Yesterday I highlighted Murray Chass’ poorly-sourced hatchet job against Stan Musial. The leadoff in that hatchet job was Chass’ claim — based on a story Curt Flood allegedly told Marvin Miller who told Chass — was that Flood was refused service at Stan Musial’s restaurant some time in the 1960s because Flood was black. Chass’ wrapup to that was to assert that Musial is “someone who discriminated against blacks,” and is thus unworthy of our adulation. His headline: Stan Musial is “no man of honor.”
Last night, a commenter shed a little more light on that story. And I’m inclined to feature his comment because that man’s name is Curt Flood, Jr. His comment:
Let me say at the outset that I have been in Musial’s company on several occasions. I once even sat next to him at a Cardinals Old Timers Game” in the dugout at the old Busch Stadium for about an an hour. He was warm, gracious and said things about my father that were beautiful. He also graciously signed everything that i could find that was not nailed down. Stan Musial is a good, decent and honorable man.
I have not read Mr. Chass’s blog, however, the incident DID in fact happen to my father and my mother. But according to my parents, Mr. Musial was not in the restaurant. His doorman that night called Mr. Musial by telephone, but by the time it could rectified, my parents were pretty much fed up with not being fed up.
Curt Flood, Jr.
Shabby treatment of a black man at that time in our history is, regrettably, not surprising. That Chass used a third-hand telling of that story to conclude that Stan Musial “discriminated against blacks” — and that he did so while failing to contact either Stan Musial or anyone who could tell Curt Flood’s side of it, such as Curt Flood, Jr., for example — is reprehensible.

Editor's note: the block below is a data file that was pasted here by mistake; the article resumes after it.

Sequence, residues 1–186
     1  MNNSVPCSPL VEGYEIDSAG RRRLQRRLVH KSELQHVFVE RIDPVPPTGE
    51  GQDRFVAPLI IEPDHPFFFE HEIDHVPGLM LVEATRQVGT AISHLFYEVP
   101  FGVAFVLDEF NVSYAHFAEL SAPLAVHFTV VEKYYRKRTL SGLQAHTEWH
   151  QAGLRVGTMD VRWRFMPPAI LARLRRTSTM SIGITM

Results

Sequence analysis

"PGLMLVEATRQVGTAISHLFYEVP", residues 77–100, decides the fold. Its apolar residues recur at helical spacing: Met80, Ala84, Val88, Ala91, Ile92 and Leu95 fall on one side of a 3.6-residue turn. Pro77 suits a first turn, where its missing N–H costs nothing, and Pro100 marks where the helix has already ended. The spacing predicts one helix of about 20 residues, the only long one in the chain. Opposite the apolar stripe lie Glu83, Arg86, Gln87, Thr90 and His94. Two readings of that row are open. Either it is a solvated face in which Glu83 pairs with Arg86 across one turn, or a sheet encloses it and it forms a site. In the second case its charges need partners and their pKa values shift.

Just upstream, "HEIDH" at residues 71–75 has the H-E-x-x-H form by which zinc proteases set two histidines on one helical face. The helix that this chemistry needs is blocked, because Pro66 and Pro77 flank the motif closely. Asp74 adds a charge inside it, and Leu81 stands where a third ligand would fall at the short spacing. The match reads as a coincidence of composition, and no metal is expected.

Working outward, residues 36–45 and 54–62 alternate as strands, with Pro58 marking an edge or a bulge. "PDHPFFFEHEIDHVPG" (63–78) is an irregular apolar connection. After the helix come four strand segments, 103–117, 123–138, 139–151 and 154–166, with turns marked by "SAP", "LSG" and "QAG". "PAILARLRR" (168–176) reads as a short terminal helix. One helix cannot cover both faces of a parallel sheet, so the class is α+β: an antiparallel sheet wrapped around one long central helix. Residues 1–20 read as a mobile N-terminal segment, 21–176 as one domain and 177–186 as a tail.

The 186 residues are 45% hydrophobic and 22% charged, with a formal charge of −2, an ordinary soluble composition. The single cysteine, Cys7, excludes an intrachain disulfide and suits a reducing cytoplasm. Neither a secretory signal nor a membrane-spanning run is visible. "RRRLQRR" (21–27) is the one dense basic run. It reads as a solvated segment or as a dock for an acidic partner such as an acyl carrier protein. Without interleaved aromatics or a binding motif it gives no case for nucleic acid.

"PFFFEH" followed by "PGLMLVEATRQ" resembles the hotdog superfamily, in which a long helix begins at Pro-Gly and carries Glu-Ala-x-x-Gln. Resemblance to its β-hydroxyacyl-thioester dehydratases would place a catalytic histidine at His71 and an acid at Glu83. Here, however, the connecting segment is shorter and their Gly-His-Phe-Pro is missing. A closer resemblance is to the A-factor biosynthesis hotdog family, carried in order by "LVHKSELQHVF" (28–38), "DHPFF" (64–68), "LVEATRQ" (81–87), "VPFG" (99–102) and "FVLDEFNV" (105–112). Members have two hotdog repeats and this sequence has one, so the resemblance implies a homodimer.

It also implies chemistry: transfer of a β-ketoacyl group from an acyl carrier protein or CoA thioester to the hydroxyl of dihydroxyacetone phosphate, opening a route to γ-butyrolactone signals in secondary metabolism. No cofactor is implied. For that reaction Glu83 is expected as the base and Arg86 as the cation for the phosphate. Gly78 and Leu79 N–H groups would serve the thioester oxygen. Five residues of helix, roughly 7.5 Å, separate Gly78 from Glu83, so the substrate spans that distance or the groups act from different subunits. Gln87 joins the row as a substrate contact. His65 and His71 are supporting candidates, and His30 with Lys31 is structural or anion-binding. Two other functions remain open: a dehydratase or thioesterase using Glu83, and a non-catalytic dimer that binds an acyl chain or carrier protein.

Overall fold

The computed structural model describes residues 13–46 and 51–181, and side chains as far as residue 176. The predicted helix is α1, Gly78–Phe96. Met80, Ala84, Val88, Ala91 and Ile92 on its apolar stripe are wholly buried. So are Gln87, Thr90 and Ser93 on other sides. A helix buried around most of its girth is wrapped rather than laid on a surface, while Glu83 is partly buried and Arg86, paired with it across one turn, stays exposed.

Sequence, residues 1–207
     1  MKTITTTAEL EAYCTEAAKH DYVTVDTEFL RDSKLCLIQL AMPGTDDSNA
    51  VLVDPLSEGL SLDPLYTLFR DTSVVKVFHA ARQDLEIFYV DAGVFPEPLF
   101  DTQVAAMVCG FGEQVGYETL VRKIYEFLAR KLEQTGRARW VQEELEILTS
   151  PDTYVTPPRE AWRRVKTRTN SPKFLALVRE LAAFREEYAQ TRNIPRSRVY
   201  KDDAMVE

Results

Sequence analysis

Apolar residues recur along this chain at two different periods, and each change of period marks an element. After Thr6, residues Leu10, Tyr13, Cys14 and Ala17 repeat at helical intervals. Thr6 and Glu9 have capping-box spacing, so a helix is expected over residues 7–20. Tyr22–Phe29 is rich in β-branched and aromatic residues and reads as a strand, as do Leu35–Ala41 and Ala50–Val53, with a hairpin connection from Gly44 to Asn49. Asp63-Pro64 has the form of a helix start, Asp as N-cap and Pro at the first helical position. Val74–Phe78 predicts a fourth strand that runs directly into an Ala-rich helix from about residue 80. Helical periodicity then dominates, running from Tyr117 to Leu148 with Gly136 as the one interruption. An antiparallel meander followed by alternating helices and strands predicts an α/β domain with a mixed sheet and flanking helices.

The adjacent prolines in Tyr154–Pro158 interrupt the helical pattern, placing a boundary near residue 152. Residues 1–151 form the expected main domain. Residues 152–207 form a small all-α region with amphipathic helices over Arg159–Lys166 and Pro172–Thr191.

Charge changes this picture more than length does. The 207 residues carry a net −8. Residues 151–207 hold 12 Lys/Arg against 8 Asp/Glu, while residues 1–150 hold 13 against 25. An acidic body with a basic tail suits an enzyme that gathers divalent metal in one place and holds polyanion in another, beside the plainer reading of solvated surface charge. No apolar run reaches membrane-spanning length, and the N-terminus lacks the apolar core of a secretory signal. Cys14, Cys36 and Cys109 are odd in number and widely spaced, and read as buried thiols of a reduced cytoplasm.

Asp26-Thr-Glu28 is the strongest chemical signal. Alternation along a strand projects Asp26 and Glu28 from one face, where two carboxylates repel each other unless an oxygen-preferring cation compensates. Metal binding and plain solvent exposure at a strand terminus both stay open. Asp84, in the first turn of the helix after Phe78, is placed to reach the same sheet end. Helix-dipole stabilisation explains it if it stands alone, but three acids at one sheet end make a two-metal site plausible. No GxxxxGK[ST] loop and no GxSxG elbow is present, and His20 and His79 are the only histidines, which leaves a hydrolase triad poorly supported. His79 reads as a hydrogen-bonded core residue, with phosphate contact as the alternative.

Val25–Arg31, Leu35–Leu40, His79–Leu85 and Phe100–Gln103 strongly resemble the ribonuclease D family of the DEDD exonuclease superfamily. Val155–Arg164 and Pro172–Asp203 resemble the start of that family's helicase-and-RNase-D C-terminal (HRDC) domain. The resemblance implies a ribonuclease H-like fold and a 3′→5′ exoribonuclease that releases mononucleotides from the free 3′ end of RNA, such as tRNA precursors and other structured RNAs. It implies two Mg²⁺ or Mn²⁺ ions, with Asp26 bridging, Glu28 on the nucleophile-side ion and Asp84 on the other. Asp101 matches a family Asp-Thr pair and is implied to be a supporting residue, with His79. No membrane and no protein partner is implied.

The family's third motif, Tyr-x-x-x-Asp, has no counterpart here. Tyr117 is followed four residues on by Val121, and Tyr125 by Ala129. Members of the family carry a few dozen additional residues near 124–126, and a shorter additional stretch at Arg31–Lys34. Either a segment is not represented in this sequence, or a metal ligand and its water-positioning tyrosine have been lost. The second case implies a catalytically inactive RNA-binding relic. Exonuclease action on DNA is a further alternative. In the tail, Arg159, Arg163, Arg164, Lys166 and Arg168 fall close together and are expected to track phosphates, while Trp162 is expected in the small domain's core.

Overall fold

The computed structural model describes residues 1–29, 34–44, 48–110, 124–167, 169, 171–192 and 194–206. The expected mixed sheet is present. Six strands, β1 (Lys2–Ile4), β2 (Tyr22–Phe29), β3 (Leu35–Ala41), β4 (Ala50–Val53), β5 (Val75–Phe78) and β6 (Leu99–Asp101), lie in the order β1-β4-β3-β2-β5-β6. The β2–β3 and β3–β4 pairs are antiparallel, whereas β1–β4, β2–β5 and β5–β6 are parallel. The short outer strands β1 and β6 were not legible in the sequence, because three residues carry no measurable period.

Thank you, Curt Flood, Jr., for telling us more in a simple email than Murray Chass — an alleged journalist — did with his “reporting.”
Cardinals shortstop Aledmys Diaz was childhood friends with Marlins pitcher Jose Fernandez, so it was expected when Diaz took time away from the team on Monday to visit Fernandez’s family in Miami. They grew up on the same street in Cuba and played for the same youth baseball team and both would ultimately wind up playing Major League Baseball in the United States.
In the bottom of the fourth inning of Tuesday night’s game against the Reds, Diaz hit a 2-1 Robert Stephenson fastball out to left-center field for a no-doubt grand slam. Teammate Yadier Molina gave Diaz a tight hug as he crossed home plate.
Before Tuesday’s game, Diaz said that the best way to honor Fernandez was to play with his passion, as MLB.com’s Jenifer Langosch reports. Diaz said, “I only play for [Fernandez’s] family right now.”
Here’s the video.
The Red Sox would have clinched the AL East if one of two things happened on Tuesday night: the Red Sox themselves beat the Yankees, or the Orioles defeated the Blue Jays. Neither happened.
The Jays soundly took down the Orioles 5-1 behind six strong innings from Aaron Sanchez. Josh Donaldson went 2-for-2 with a two-run home run and a pair of walks and leadoff batter Ezequiel Carrera went 2-for-3 with a solo homer, an RBI single, a walk, and three runs scored.
Meanwhile, at Yankee Stadium, the Yankees outlasted the Red Sox for a 6-4 win, responding to both two-run innings the Sox had in the sixth and seventh with a run in the sixth and two in the seventh. Gary Sanchez hit his 20th homer of the season. Didi Gregorius and Tyler Austin also contributed dingers. Starter Luis Cessa pitched well, limiting the Sox to two runs over six innings on five hits and a walk with two strikeouts. Red Sox starter David Price struggled, yielding six runs in 6 1/3 innings. Yankees reliever Tyler Clippard got into trouble in the ninth inning but was able to wiggle out of trouble to finish out the game.
Once again, the Red Sox will be able to clinch the AL East on Wednesday with a win over the Yankees or a Blue Jays loss to the Orioles.